When we moved to our canyon in Grant County, Oregon over 12 years ago, we enthusiastically began to build a portfolio of wildlife photography in winter’s beauty. Our first subjects were winter songbirds visiting our bird feeders. However, wonderful captures of Oregon juncos, several species of nuthatches, chickadees and finches became repetitive, and eventually boring. As artistically pleasing as the juniper branches and rich colored trunks of the ponderosa pine were for backgrounds, the same species of birds were photographed over and over again. Little was new to add to our portfolio, so we slacked off mid-winter photography for a couple of years.
Then as gas prices improved in late 2015, we started to travel out to do photography from our vehicle along remote roads edging the local rivers. Now subjects were farther off and, with constantly changing snowy backgrounds in low light, our rate of successful shots dropped off dramatically. There is a real learning curve in successfully doing photography in snowy conditions. Just before that season, we also experienced nightmares with a new Canon camera that should never have been issued – the 60D. Its focus mechanism was faulty – producing inconsistent good results with lots of blurry subjects in between. Got rid of that camera, and eventually we acquired Canon’s 7MDII and the 5DSR.
With new cameras, there are learning curves, especially in the area of focus choices. The technology is so advanced in cameras with built-in (default) settings that it has taken quite a while to disable all the bells and whistles and get things under control. Whatever happened to the value of keeping things simple in order to manage the photographer’s quick response to fleeting wildlife? If you’re a high tech person, perhaps this is a non-issue. For someone who isn’t, it takes persistence to stick with it and figure out what will work for you.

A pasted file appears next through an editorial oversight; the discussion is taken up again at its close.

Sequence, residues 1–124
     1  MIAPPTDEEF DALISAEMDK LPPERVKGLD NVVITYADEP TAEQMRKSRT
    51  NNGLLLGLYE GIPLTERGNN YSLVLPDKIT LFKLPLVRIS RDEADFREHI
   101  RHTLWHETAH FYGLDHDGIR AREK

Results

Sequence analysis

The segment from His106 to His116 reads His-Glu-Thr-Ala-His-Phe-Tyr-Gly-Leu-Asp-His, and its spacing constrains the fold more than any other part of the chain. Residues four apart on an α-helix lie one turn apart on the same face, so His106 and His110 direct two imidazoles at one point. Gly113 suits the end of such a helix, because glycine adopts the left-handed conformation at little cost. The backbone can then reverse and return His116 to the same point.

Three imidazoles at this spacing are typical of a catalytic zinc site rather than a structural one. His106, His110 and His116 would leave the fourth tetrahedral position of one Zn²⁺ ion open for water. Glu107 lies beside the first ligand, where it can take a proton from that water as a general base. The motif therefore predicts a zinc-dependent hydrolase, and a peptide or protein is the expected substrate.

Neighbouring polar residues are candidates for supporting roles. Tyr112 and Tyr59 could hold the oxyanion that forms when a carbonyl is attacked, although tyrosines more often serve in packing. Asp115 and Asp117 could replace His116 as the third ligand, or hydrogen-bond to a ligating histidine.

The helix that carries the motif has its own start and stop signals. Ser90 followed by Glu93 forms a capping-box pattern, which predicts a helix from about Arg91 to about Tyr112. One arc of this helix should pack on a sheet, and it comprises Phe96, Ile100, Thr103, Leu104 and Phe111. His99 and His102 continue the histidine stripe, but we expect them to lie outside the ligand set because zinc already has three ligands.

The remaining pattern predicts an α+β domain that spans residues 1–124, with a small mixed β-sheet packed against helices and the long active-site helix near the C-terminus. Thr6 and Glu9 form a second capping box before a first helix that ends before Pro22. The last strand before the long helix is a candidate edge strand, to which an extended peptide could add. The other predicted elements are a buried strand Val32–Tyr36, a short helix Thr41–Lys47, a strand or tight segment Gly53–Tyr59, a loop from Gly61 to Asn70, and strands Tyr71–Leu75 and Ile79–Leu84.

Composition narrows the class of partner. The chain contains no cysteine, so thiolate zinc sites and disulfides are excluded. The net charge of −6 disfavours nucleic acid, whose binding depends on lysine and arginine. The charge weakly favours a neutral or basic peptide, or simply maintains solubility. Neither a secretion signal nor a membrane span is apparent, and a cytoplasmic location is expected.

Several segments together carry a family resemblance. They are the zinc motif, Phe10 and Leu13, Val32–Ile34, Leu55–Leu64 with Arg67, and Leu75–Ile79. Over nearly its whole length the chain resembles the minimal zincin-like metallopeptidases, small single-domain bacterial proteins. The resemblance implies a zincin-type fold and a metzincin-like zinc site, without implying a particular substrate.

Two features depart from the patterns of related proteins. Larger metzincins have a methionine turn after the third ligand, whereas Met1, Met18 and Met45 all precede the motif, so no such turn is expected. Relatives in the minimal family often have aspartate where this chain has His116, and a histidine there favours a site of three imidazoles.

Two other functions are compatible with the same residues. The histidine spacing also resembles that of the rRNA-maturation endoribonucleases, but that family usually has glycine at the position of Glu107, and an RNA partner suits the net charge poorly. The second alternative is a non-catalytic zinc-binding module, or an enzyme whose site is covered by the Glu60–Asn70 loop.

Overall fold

During this current winter season (2016-2017), we have had the harshest weather we’ve experienced here. It has been a reminder why winter photography had not been a high priority in the past. We truly welcome the snowy backgrounds to frame our winter subjects, but we have dealt with very icy roads, sub-zero temperatures, wind, freeing rain followed by blizzard level snowfalls, and sometimes snow drifts that threaten to close the road behind us. It’s been hard on bare fingers, equipment and especially the wildlife.
We have posted here half a dozen special images from our recent photo shoots. These are just samples of dozens more images that we have developed into slideshows.
The promised slideshow is in two parts: